Colombia’s Nevado Santa Isabel: no snow is eternal

Nevado Santa Isabel's snowy peaks (Image: The Colombian Way)

If you want to enjoy the snow and ice of Colombia’s second largest glacier, the Nevado Santa Isabel, you better start planning. The snow is expected to be gone within 10 years.

The Santa Isabel volcano is one of Colombia’s six remaining “nevados,” the snowy mountain peaks that make part of the Andes mountains.

Together with the Nevado del Ruiz, the Nevado del Quindio and the Nevado del Tolima, the Santa Isabel volcano lies in the nature reserve Los Nevados, some 90 miles west of the capital Bogota.

The volcano is home to Colombia’s second largest glacier and relatively easy to climb compared to the other peaks in Los Nevados because of its relatively low altitude of 4,965 meters above sea level.

Because of its relatively low altitude, Santa Isabel’s glacier is also the first scientists expect to disappear; by 2030 all of the snow that currently remains on the volcano is expected to have disappeared entirely.

An ascend to the snow begins on the border of the Risaralda and Caldas provinces, generally known for being the heart of Colombia’s coffee region. Within miles you ascend to the paramos that lie above the tree line and are so typical of Colombia’s higher Andean regions.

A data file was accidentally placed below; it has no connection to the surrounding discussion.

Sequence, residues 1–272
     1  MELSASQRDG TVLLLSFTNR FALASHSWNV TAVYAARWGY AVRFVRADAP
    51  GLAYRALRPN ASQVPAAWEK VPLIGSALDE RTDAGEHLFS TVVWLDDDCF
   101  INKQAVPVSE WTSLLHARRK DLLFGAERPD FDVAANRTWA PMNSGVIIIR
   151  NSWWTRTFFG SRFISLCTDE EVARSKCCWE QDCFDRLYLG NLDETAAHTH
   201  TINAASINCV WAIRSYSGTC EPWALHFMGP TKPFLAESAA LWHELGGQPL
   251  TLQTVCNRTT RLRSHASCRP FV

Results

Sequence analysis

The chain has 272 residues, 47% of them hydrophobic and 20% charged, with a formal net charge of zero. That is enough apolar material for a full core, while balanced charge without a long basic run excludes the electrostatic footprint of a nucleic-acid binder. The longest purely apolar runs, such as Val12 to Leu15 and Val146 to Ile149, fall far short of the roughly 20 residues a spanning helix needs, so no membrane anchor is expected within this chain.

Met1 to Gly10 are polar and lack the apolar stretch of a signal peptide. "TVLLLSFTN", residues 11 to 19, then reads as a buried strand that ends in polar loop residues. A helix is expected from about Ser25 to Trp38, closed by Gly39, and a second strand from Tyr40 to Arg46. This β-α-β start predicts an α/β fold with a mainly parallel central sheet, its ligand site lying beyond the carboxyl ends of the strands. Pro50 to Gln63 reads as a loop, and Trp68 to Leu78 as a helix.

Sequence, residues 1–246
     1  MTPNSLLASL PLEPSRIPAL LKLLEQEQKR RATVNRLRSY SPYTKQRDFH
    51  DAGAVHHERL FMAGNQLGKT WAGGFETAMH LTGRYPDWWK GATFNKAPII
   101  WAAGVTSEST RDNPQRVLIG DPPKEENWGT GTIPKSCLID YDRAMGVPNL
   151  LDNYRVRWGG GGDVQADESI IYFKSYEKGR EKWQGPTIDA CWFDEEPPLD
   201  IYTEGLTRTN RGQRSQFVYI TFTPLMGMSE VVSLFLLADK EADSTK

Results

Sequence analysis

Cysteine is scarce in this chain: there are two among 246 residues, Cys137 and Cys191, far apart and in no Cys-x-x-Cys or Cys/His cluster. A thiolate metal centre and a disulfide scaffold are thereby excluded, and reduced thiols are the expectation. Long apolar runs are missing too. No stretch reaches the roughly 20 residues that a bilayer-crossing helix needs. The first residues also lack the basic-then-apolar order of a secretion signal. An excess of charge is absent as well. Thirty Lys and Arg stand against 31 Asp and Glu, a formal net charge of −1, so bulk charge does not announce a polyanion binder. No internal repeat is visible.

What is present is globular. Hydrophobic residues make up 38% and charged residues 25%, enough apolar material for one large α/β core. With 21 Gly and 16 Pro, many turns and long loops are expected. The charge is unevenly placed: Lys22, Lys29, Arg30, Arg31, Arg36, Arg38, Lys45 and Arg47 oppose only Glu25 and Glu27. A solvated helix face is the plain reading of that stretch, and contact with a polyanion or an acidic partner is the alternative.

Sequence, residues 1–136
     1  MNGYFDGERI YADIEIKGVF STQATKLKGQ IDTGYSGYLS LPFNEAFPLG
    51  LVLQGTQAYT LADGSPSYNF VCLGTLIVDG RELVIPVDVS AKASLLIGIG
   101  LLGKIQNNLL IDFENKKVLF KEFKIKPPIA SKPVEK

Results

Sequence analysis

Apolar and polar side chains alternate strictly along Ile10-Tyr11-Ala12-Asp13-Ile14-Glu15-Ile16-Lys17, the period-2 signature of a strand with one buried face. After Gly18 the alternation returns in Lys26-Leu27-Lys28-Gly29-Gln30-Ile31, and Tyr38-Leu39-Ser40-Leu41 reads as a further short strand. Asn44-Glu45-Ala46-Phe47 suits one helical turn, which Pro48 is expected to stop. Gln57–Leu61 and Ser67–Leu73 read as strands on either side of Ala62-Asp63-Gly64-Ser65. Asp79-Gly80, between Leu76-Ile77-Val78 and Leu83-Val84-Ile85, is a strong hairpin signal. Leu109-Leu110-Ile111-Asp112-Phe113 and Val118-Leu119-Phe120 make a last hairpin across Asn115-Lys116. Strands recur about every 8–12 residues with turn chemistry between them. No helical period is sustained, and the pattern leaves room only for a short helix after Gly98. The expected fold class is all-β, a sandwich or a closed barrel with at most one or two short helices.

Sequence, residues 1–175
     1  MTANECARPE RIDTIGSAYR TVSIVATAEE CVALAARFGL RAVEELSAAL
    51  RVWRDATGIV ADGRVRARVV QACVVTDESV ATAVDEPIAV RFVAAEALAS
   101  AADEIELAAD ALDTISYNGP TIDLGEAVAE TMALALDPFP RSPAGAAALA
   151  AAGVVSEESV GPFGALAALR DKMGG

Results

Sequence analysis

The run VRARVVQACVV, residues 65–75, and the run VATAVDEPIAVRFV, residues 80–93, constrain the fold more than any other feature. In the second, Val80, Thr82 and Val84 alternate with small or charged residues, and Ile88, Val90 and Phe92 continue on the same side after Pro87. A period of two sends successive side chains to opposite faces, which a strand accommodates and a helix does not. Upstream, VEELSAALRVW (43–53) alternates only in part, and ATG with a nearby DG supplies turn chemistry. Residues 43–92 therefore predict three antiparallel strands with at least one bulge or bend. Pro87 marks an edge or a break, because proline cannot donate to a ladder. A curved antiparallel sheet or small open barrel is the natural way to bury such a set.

The tropical scenery at the foot of the Nevado Santa Isabel (Image: The Colombian Way)

The paramos of Santa Isabel are dotted with mysterious ponds and mounds (Image: The Colombian Way)

Well above the tree line, also the paramos become scarce and you enter an almost alien environment of basalt rock and, ultimately, snow.

The highest part of Santa Isabel’s paramos (Image: The Colombian Way)

When all vegetation is gone, all that is left are rocks and snow (Image: The Colombian Way)

Once you reach the top of the volcano, the snow will make it hard to imagine you are in Colombia.

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